Simon Ellin’s worst recycling offenders:

  • Pringles (and products with similar packaging): “Number One recycling villain. These things are a… nightmare. Impossible to separate the parts.”
  • Lucozade Sport (and drinks with similar packaging): “Number Two villain. This bottle is so confusing to computer scanners that it has to be picked by hand off the recycling conveyor. Then it often just gets chucked away.”
  • Cleaning spray bottles: “Labels often say the product is recyclable, but that’s only the body. The spray has two or three other polymers and a metal spring. It’s almost impossible.”
  • Black plastic food trays: “Supermarkets think black trays make meat look redder so they colour the tray black but that makes it worthless for recycling. Also, if someone leaves the torn film on the tray, with a bloody card below it, we just have to chuck it anyway.”
  • Whisky packaging: “It grieves me to say this as one who likes his whisky but whisky causes us problems. The metal bottom and top to the sleeve, the glass bottle, the metal cap… very hard for us.”

The Ellen MacArthur Foundation (EMF) and The Prince of Wales’s International Sustainability Unit Prize is funded by Wendy Schmidt as Lead Philanthropic Partner of the EMF’s New Plastics Economy initiative.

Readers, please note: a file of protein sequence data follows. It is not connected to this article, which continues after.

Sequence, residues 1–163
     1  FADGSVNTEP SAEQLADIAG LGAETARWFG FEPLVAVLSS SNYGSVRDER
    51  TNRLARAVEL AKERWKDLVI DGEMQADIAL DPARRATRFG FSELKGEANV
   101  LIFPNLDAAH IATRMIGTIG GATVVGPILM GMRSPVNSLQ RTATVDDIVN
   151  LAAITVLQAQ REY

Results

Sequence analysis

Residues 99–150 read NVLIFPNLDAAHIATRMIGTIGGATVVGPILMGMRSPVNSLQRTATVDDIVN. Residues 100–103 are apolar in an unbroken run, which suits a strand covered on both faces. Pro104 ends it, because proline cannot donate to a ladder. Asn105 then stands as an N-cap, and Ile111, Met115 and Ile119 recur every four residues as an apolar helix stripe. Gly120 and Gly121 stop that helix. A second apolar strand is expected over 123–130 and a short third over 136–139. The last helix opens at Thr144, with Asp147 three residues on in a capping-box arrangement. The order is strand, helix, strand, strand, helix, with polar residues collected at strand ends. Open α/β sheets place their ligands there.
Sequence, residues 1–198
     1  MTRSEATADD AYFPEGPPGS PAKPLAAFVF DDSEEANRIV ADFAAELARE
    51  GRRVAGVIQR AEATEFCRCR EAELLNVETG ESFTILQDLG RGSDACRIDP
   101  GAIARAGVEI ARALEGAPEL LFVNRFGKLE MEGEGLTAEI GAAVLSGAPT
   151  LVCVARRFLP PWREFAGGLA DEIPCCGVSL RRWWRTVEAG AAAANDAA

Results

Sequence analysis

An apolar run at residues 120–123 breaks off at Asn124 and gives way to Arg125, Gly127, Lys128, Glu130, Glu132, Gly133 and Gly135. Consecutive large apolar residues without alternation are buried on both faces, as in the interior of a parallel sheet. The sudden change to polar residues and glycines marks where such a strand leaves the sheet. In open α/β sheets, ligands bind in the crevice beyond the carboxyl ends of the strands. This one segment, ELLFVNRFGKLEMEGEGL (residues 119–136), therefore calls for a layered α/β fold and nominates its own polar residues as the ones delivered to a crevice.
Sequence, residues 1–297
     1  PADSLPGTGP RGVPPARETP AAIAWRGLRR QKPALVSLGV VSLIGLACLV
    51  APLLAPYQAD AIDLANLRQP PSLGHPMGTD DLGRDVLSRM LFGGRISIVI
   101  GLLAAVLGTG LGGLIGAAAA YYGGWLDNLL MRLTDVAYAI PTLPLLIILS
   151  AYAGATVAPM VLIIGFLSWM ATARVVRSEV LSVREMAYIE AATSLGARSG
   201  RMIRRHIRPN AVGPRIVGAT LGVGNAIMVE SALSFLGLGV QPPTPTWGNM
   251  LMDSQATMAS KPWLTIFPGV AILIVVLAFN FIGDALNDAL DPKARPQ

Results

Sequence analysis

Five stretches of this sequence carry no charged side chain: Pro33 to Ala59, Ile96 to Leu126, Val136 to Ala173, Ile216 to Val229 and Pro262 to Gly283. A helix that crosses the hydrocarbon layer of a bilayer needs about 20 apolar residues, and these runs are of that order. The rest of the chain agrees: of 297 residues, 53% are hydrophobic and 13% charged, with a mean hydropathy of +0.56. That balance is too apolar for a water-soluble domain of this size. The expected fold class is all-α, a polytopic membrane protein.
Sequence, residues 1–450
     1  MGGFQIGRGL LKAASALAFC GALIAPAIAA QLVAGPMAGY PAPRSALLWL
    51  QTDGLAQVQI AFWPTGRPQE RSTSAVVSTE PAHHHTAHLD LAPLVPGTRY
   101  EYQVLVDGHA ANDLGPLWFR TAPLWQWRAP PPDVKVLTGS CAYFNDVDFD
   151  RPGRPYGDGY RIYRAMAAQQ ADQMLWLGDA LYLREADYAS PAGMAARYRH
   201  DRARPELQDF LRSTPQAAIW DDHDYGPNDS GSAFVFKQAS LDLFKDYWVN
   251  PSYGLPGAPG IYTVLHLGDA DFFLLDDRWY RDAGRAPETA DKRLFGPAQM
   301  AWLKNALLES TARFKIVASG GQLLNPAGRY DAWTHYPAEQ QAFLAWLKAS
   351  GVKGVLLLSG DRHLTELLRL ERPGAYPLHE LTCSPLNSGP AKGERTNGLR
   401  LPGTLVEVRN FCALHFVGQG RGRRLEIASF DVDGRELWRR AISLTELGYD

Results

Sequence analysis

The Challenge Partners are OpenIDEO (Circular Design Challenge) and NineSigma (Circular Materials Challenge). The challenge has been scoped in close coordination with the initiative’s more than 40 participants, including Core Partners Amcor, The Coca-Cola Company, Danone, MARS, Novamont, PepsiCo, Unilever, and Veolia.


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  1. Statements like ‘there could be more plastic than fish in the ocean by 2050’ might attract more media attention but aren’t helpful in sorting out this problem. It infers that we’re dumping household waste at sea (which we’re not – at least not in UK waters anyway). So come on folks, a bit of sense when issuing PR like this: not something that can easily be ridiculed.
    And why no mention of the alternative solution of a series of strategically-located plastic ‘cracker’ plants that could break down plastic waste into its constituent hydrocarbons? With the right subsidies (and look how subsidies have developed the idiotic windfarm energy strategy) we’d easily sort this out.